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Snow Caves - If They Work for the Bears...
Snow caves can provide both an emergency and recreational winter shelter. Snow is a very good insulator, and when properly made, the inside of a snow cave will stay at a cosy 32°F / 0°C. A single lit candle can increase the temperature substantially, much like a kudlik would do in an igloo.
The inside should be shaped like a dome (like an igloo) to add stability and insulation, and the walls should be at least 12 inches / 30 cm thick. The smoother the walls are, the less likely the cave will drip as the temperature rises inside.
This is important - bore a ventilation hole (at least 2 inches / 5 cm in diameter) into the top of the cave with a pole or stick.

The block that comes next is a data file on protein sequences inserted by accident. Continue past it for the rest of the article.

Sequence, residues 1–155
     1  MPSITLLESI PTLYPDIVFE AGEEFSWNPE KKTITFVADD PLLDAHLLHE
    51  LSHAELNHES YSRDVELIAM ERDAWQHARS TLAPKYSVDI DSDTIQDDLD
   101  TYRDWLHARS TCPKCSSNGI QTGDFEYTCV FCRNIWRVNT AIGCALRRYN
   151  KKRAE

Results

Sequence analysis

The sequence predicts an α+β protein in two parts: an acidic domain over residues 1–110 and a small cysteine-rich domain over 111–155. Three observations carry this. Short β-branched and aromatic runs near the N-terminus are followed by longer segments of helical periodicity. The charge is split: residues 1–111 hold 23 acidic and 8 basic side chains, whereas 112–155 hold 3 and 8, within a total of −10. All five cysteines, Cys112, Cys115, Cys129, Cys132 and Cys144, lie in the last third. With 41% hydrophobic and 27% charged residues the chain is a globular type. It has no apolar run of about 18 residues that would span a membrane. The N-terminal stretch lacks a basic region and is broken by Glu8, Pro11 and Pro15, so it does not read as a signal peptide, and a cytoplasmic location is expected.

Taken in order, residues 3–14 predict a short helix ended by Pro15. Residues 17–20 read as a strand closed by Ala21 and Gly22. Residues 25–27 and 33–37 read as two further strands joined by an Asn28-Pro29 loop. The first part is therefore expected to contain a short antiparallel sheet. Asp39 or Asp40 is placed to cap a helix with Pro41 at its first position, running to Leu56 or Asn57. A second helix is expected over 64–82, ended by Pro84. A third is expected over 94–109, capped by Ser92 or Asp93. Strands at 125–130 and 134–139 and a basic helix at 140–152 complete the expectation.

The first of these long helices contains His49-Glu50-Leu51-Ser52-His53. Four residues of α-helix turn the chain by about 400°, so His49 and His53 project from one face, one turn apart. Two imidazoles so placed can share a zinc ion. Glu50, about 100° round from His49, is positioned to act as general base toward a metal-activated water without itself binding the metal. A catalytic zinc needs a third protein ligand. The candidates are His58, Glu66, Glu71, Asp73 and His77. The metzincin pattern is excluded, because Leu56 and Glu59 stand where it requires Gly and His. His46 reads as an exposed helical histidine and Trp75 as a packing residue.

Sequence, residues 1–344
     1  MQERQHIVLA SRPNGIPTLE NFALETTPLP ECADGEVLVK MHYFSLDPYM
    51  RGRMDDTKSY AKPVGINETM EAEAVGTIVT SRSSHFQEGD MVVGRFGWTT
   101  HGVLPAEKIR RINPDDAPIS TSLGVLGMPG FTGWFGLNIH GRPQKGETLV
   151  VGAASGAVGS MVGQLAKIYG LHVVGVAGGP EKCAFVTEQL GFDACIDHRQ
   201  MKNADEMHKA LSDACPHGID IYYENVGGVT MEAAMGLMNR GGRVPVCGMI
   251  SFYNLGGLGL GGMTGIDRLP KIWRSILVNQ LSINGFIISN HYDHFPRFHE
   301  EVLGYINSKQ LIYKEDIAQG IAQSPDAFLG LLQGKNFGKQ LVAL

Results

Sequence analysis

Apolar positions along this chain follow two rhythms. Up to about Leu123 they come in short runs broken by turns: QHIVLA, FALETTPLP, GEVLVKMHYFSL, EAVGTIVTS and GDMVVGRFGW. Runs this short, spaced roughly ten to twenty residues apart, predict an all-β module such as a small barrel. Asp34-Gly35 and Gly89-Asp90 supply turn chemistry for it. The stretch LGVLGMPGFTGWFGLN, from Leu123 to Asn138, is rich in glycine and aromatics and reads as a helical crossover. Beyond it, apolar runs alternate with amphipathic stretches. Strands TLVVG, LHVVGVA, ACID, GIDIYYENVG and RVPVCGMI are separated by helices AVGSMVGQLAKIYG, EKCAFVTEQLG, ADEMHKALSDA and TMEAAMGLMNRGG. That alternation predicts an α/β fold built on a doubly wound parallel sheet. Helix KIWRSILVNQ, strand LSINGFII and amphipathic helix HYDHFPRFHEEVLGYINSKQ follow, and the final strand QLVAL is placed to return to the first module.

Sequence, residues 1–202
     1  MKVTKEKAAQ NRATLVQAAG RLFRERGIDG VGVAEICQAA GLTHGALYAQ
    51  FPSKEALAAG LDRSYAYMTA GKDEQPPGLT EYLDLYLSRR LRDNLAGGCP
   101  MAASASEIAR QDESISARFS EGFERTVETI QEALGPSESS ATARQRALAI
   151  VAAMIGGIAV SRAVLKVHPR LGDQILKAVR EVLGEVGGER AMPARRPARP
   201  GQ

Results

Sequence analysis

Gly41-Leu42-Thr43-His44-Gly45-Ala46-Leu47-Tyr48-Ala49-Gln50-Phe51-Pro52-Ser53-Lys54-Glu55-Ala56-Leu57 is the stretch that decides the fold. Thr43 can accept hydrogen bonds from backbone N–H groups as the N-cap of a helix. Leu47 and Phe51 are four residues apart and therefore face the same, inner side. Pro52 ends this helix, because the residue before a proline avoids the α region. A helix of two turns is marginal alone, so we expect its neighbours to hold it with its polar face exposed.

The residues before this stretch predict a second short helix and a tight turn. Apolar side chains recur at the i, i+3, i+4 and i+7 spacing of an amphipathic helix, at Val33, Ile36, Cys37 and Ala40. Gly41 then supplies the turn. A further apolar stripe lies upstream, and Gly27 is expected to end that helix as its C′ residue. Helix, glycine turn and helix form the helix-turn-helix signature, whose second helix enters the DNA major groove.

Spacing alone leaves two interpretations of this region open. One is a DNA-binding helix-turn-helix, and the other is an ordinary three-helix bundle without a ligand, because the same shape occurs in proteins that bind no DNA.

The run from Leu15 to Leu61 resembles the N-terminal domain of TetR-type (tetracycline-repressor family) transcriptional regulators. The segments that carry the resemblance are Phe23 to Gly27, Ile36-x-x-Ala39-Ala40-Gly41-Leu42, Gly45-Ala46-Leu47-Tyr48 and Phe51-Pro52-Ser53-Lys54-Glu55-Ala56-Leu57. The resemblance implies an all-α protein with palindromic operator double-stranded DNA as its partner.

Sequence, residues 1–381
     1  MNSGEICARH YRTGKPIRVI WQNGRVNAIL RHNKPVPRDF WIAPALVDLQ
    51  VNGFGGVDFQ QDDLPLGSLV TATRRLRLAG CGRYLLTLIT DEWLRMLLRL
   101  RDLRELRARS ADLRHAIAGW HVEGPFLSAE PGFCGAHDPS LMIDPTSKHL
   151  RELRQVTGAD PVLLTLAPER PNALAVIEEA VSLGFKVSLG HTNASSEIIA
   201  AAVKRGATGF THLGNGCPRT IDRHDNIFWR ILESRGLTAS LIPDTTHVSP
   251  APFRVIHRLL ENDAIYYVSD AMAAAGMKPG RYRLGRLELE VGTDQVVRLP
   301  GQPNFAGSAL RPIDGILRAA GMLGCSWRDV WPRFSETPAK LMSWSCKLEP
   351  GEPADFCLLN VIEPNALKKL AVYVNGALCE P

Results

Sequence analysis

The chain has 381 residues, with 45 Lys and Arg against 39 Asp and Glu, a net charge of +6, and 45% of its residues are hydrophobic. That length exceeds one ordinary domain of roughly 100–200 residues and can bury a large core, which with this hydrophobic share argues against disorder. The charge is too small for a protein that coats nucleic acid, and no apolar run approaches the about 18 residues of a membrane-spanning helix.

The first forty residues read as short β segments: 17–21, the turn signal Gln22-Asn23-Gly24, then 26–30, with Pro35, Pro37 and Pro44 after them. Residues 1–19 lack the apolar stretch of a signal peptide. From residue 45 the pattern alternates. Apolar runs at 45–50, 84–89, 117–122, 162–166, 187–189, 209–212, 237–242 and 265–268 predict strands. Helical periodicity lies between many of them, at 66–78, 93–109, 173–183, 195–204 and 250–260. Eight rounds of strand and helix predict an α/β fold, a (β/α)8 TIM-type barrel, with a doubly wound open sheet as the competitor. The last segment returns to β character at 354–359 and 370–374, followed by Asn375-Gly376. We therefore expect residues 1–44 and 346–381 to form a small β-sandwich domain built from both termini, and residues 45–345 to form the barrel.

This allows for the release of carbon dioxide and carbon monoxide that build up from breathing or burning of candles and cook stoves. Without ventilation, these gasses can accumulate and asphyxiate (smother or suffocate) everyone inside.
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Library: Arctic, Snow, Cold/Cold Places
Links: Arctic, Inuit, Cold Places
Dig a Snow Cave
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GUIDE TO ARCTIC SUNRISE & SUNSET: How much sunlight or darkness is there in the Arctic on each day of the year?